Temple Beth El

May/June 2016 – The Pursuit of Happiness

During the weeks between Pesach and Shavuot, we follow a time –honored Jewish practice of studying Pirke Avot, the Ethics of the Fathers, works of wisdom about life and morality, offered by the Sages of old.

One of them, Ben Zoma, analyzed the qualities which comprise happiness.  His definition speaks to modern people with as much cogency as it did to our forebears some two thousand years ago.

The first element that enters the equation is wealth.  The Jewish Tradition is not naïve or unrealistic.  Poverty is not a virtue.  Poverty and happiness are not faithful companions.  Millions of people in underprivileged countries around the world would define happiness as a loaf of bread, a bowl of rice, a roof over their heads or a secure employment.

The second in the series of Ben Zoma is power.  No person can experience fulfillment if he/she has no influence over the lives of others, if her/his opinions are disregarded, his/her decisions rejected.  The ability to exercise control over events is a capacity necessary for happiness.

The third goal was wisdom.  This is a uniquely Jewish understanding of happiness.  From the Jewish point of view, a person devoid of culture and knowledge can achieve gratifications of the senses, but he/she cannot know the fulfillment of the mind that is essential to human happiness.

And finally, Ben Zoma refers to honor.  One who is the object of scorn and derision cannot be happy.  We recognize the deep universal need to be respected, to win the deference of others, the approval of our group, the regard of our peers.

If he/she said nothing further, we would be in Ben Zoma’s debt, for he has outlined the anatomy of happiness and established the fundamental conditions of its existence.

He then directs us to a formula by which we can acquire happiness.  He does so in a very few words which express profound ideas.

“Who is wealthy?  He/she who is content with his/her portion, who rejoices in his/her lot and is grateful for it.”  Ben Zoma grasped the essential truth about the human heart: our needs are few, our wants without number.  If we are tormented by limitless desires, we shall never have contentment.  The path to fulfillment lies in controlling our wants and looking upon our blessings with gratitude and appreciation.

“Who is powerful?”  The rabbi knew of great conquerors, but they didn’t conceive of these tyrants as men of power because they saw how these emperors were driven by ruthless ambition and consuming lust, self-destructive impulses.  The rabbis instead turned the gaze inward, for they taught that true power is in self-mastery.

“Who is the strong person?”  He/she who can conquer himself/herself.”  Self control and self discipline are the true signs of strength.  What the rabbis say to contemporary humanity is “Conquer your fears, your anger, and your despair.”  The art of self control is the greatest and most enduring form of strength.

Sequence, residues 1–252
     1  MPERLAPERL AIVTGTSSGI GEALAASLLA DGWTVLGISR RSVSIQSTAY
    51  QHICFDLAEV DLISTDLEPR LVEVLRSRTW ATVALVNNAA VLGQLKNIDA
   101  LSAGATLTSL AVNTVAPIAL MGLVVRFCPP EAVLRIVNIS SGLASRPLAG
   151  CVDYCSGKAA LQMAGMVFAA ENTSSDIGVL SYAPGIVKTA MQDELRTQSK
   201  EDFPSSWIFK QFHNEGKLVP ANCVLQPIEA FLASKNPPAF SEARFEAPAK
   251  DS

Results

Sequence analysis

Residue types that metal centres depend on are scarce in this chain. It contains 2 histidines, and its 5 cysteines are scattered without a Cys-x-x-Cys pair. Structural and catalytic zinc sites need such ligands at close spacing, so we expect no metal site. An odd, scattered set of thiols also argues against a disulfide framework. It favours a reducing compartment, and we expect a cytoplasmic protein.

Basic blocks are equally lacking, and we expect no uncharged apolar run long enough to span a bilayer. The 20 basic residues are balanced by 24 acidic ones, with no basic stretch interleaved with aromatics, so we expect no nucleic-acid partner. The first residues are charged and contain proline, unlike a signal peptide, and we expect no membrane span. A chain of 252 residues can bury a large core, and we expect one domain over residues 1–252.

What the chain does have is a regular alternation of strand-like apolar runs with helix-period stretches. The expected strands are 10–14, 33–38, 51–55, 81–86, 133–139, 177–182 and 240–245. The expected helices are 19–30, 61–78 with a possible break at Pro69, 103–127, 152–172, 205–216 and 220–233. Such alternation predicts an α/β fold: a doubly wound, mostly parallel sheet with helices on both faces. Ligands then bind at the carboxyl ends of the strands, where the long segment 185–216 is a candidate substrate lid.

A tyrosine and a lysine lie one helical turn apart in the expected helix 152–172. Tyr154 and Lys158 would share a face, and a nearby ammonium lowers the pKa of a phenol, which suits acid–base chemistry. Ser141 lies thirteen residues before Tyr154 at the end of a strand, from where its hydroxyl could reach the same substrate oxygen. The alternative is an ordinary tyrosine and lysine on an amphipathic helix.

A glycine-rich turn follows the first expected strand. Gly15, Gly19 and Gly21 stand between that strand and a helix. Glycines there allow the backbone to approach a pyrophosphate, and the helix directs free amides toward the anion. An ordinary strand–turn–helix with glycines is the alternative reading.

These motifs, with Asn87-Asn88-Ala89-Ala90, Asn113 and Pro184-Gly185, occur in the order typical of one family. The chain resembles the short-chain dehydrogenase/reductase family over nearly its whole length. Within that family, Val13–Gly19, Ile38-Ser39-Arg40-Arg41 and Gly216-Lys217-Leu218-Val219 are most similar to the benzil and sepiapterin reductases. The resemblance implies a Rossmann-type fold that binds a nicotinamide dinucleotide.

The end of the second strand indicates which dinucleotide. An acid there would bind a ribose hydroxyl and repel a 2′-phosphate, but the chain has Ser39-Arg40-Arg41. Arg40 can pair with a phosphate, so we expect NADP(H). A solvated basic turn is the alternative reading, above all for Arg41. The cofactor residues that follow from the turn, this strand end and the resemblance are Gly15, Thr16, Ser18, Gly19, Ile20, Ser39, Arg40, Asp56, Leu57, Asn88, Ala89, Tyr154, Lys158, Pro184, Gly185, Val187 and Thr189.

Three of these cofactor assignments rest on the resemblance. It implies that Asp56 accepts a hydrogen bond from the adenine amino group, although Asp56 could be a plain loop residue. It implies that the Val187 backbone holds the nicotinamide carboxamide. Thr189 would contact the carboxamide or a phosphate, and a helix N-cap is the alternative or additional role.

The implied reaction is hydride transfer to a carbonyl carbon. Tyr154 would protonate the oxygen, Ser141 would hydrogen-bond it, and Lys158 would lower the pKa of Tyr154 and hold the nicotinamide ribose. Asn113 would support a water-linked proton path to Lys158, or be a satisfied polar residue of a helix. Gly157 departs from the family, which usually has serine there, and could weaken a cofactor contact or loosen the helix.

“Who is wise?”  The rabbis were generally not people of wealth and were often devoid of power, but wisdom was their forte, the central quest of their experience.  But who is wise?  One who has mastered the law, who has probed the mysteries of the universe?

Ben Zoma’s answer was different.  “Who is wise?  He/she who learns from everyone.”  The truly wise person has an unclosed mind, receptive to new ideas, capable of extracting from human experience a rich core of insight.  Wisdom is the ability to respond to the stimulations of life.  If we can listen with understanding to the words of children, to the insights of the aged, to the sayings of the common folk, we can acquire new perspectives on a sometimes too familiar world.  To be truly educated means to be open to new challenges of thought all the time.

The last component in this formula of happiness should be noted.  “Who is honored? He/she who honors others.”  If we can respond to another human being with respect, if we can see in him or in her a unique individuality stamped by that same Divine power that makes life incalculably precious, then we shall create a climate in which honor and respect will flourish and grow.  This will make us worthy of honor.

Thus has Ben Zoma given us his guidelines for the acquisition of happiness.  They are simply stated, but their implementation requires limitless patience, concern, and understanding.  Ben Zoma not only told us what happiness is, he also told us what happiness is not.  Happiness is not in a pill, a bottle, a distant land or in some contrived amusement.  Happiness, like God’s Law, is not far away in heaven, but in your heart.  Seek the happiness that lies before you May your search be crowned with success.

Rabbi Leonardo Bitran